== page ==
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What to Do When a Discipline Method Stops Working

What to Do When a Discipline Method Stops Working

As I was reading through some Circle of Moms conversations this week, I was struck by a great question posed by Amy K.: "How do I punish bad behavior without hurting feelings?” That’s a complicated question, and I’m hoping this article will help.

New Stages, New Behaviors

Did you know that your child shifts the way he or she looks at things after each developmental change?

When your daughter emerges from a developmental cycle she seems like a “new child.” She has a new set of skills and fresh eyes to see the world. She also seems to have a deep need to re-look at the rules and boundaries you thought were already mastered.

I know you’ve experienced it. One day you correct her and she accepts it like it’s nothing, and the next day she collapses into a crying puddle on the floor. You begin to realize that something has changed and the way you’re dealing with her is producing more tears than changes. You begin wondering what to do.

Some parents think, “Maybe I should get louder?” Or, “Maybe I should be firmer?” Some even think, “Maybe I should use more punishment?” Don’t get me wrong; there are probably some situations where that line of thinking may be valuable. Usually, however, that line of thinking only causes things to get emotionally more intense, instead of better.

Time for a Parenting Upgrade?

Just like a computer gets an upgrade when you install a new program, parents need to upgrade their parenting when their child gains a new perspective. Here are three well-known times when a child’s perspective changes.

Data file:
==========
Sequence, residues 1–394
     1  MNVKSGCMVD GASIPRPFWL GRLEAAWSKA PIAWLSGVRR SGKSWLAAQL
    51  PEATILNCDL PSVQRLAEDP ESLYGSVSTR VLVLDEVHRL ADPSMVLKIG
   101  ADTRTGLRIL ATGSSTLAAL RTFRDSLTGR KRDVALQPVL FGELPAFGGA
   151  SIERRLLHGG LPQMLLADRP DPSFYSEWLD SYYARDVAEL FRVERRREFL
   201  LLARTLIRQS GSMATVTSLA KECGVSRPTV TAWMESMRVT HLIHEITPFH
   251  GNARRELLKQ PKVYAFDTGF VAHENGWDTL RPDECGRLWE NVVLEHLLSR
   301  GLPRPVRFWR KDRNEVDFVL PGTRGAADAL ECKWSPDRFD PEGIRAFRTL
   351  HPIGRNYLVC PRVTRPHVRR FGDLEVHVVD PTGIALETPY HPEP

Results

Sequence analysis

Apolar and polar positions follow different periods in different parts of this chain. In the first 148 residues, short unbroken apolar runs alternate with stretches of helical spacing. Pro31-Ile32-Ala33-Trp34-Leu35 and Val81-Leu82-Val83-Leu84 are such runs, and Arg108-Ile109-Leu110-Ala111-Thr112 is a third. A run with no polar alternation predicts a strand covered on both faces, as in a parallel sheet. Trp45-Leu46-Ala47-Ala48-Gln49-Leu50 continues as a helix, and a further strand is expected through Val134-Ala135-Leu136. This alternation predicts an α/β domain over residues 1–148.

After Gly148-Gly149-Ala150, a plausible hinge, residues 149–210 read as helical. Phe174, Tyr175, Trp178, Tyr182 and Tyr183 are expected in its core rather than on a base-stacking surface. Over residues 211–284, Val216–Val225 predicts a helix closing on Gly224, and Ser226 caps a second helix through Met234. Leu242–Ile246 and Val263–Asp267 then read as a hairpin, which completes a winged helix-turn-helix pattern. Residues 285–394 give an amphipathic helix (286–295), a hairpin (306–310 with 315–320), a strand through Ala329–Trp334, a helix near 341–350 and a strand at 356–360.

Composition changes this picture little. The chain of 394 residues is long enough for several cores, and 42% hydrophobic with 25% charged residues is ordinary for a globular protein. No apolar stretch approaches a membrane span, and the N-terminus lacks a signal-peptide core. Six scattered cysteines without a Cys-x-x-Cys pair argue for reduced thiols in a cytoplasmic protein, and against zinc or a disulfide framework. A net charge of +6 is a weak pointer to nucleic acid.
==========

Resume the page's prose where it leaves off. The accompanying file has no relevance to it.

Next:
• When a child moves from the terrific 2’s to being a three year-old, most parents wipe their brow and say, “I’m glad that’s over!” What they don’t realize is that 3 is a lot more complex!
  • Most children are pretty compliant during the preschool years. It may not feel that way, but for the most part your child realizes that you’re the boss and what you say goes. And then comes the age of negotiating! Parents can begin to feel as if they’ve lost all control.
  • Then there’s the moment when you see your child openly testing your boundaries and blatantly defying you. Most parents tend to rush toward a heavy punishment to stop that from ever happening again.

Would you treat all three scenarios the same? If so, consider a change of perspective to match your child’s new perspective—a parenting upgrade, if you will.

Adjusting Your Responses

I believe parenting methods need to include who your child is yet to become. Using the same parenting methods you used before your child morphed into a “new child” doesn’t allow that to happen. It makes her feel as if she’s still a “baby,” so she tends to act that way. She doesn’t begin taking responsibility or mastering the rules you’ve laid out for her.

A way to remedy that, or get a parenting upgrade, is to slowly begin letting your child experience the results of her choices, as long as the situation is completely safe. When she learns from the results of her choices, it can be far more of a teaching than your words could be. Don’t get me wrong. I’m in no way saying not to use boundaries, rules and consequences. What I am offering is a blend of the two.